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CS 187SL Science Gateway Seminar I
Course Syllabus
Fall 2016

Instructor: Dr. Wei Ding
Office: S-3-179, Science Building , 3rd floor
Class Schedule:Tuesday 11:00 - 12:00 PM, Y01-1350, University Hall
Thursday 11:00 - 12:00 PM,  Y02-2330, University Hall
Office Hours: TTH 2:00 - 4:00 PM
Peer Mentor: Ira Ceka,
Peer Mentor Office Hours: Weekly on Thursdays 1-2PM, 6-9PM, Fridays 3-4PM, Unix Lab, 3rd Floor Science Building


This is the first course of a two-semester sequence, two credits each semester. Successful completion of the sequence will fulfill the student's First-Year Seminar requirement. Course content during the first semester will focus on understanding various facets of Computer Science (CS) and how it relates to our lives. Students will be introduced to different concepts of CS, read and discuss articles, and discuss important matters in written work and orally, and implement interesting projects in small groups. Students will become increasingly familiar with and experienced in scientific discourse, scientific methods and scientific communication.


This Freshman Seminar Course, in the College of Science and Mathematics, is organized along a theme of inquiry-based learning for students and faculty. Each participant has a role in understanding topics that are prevalent in the scientific community along with developing new information that might form the basic science investments of the future. Students will be co-developers of this freshman seminar series that will be based primarily on inquiry-based science education. Desired outcomes will focus on students developing discovery skills, becoming self-driven learner, learning to work in groups, and being successful at the university. This course will maximize students¿ potential for success in the university and the scientific community. Grading will be based on class participation, written papers, and projects.

This course is an important component of the Freshman Success Community (FSC) program. Both the seminar and the FSC are new important initiatives that we are undertaking to enhance the experience and academic success of new freshmen entering the College of Science and Mathematics. As a participant in these initiatives you will have the opportunity to become much more familiar with your fellow students, your faculty, and the resources available to you at UMass Boston. Transition from high school to university is often a big challenge. These new initiatives will allow you to form a partnership, with us and with your fellow students, to help you succeed as university science majors. We want to help you to start thinking now about how to progress towards a timely graduation, and to prepare to achieve your post graduation goals.

We will focus on discussion of topics with broad societal impact that have important scientific underpinnings, Using this approach, you will become increasingly familiar with experienced in scientific discourse, scientific methods, and important new scientific findings. Using this scientific framework, the course will address all of the objectives of the UMass Boston First Year Seminar Program:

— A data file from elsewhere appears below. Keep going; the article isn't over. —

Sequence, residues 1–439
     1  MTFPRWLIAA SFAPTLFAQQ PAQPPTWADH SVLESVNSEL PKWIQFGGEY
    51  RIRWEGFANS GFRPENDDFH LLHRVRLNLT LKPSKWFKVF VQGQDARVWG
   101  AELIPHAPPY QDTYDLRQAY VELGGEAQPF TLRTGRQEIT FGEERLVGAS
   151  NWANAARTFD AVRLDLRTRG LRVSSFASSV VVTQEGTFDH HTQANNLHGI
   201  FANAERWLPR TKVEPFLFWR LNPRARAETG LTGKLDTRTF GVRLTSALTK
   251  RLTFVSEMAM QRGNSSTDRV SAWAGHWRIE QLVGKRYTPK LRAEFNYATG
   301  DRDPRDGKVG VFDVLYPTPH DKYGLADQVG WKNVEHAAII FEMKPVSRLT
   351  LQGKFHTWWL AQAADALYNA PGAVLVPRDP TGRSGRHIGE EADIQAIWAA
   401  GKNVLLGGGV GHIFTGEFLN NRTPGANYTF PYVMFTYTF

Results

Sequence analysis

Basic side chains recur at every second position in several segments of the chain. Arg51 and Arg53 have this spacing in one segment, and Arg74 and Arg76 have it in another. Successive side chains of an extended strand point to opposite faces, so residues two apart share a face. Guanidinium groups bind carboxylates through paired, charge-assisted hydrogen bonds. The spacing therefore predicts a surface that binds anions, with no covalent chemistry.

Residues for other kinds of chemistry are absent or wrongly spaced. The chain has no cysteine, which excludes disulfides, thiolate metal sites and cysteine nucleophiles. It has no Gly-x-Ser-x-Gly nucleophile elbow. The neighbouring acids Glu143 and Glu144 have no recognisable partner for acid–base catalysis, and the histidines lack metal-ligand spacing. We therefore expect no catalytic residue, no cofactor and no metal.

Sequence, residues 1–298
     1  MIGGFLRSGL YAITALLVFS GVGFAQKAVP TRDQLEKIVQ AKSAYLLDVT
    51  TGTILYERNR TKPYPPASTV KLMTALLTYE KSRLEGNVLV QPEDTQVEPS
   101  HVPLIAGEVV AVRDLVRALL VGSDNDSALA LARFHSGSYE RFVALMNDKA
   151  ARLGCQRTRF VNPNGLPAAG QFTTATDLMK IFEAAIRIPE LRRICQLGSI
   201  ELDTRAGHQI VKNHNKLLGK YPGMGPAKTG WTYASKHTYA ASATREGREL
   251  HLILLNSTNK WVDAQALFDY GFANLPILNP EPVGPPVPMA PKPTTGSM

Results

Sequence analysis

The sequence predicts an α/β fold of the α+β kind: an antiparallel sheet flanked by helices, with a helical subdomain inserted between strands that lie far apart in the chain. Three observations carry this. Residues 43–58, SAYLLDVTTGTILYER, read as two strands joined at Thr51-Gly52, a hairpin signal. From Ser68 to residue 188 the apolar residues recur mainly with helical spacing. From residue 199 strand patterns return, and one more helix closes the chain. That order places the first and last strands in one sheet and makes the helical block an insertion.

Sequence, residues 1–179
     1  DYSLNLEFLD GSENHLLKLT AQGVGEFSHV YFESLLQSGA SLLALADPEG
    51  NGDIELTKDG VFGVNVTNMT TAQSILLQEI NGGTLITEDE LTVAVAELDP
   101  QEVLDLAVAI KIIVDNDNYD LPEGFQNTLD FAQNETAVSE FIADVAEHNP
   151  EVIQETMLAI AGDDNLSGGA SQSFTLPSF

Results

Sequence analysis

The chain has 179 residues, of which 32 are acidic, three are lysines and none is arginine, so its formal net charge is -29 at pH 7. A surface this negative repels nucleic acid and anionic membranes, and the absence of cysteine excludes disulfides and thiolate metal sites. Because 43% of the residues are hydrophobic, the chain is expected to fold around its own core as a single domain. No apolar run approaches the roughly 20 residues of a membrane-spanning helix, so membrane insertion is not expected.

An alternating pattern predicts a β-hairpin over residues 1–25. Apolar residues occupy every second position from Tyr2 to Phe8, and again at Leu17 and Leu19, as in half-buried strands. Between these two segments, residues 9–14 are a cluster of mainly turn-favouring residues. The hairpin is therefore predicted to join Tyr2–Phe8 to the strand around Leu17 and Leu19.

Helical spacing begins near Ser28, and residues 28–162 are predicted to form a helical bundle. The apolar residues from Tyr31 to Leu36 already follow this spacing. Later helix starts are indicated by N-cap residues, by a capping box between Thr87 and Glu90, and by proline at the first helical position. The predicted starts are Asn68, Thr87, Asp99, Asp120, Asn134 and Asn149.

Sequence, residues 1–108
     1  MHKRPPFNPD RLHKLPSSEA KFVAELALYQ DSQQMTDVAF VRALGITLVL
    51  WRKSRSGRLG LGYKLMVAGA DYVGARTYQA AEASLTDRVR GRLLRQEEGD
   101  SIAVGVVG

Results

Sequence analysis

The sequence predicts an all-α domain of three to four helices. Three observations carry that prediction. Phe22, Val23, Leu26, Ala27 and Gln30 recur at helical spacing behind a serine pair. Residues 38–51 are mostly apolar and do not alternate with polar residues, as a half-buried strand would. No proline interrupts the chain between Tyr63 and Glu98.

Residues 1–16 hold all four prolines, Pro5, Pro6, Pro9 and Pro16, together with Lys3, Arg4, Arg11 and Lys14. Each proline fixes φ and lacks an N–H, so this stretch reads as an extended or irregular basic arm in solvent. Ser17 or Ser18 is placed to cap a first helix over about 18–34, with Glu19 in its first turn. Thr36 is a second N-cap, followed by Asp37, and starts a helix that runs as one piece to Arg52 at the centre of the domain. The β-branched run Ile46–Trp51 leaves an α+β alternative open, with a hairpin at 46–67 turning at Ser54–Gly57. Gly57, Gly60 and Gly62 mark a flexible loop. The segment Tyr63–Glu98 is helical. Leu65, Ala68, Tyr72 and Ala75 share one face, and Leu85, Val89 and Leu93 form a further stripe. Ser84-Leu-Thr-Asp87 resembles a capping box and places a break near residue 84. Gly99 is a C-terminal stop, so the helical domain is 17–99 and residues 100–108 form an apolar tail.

Instructor Lectures, Invited Leatures, and interactive problem solving.


Participation: 20% of the total
Assignments: 45% of the total
Oral Presentations: 35% of the total


91+ = A; 89+ = A-;
87+ = B+; 83+ = B; 80+ = B-;
77+ = C+; 73+ = C; 70+ = C-;
67+ = D+; 63+ = D; 60+ = D-;
0+ = F;


We will read from the recommended articles, various sources on the web, and slides that will be made available on the web site. The schedule for the readings are given on the schedule web page.


  1. Homework:
  2. Providing answers for any examination when not specifically authorized by the instructor to do so, or, informing any person or persons of the contents of any examination prior to the time the examination is given is considered cheating.
  3. Penalty for cheating will be extremely severe. Use your best judgment. If you are not sure about certain activities, consult the instructor. Standard academic honesty procedure will be followed for cheating and active cheating automatically results F in the final grade. Please check University Policy on Academic Standards and Cheating for additional information.
  4. You are expected to come fully prepared to every class.
  5. No incomplete grade under nearly all situations.
  6. Pay very careful attention to your email correspondence. It reflects on your communication skills. Avoid using non-standard English such as "how r u?" in your email message. In addition, I recommend you put the class number 187SL and a brief summary of your question in your email subject. For example,

    Subject: CS 187SL Request an Appointment

  7. I immediately discard anonymous emails.
  8. The ringing, beeping, buzzing of cell phones, watches, and/or pagers during class time is extremely rude and disruptive to your fellow students and to the class flow. Please turn off all cell phones, watches, and pagers prior to the start of class.

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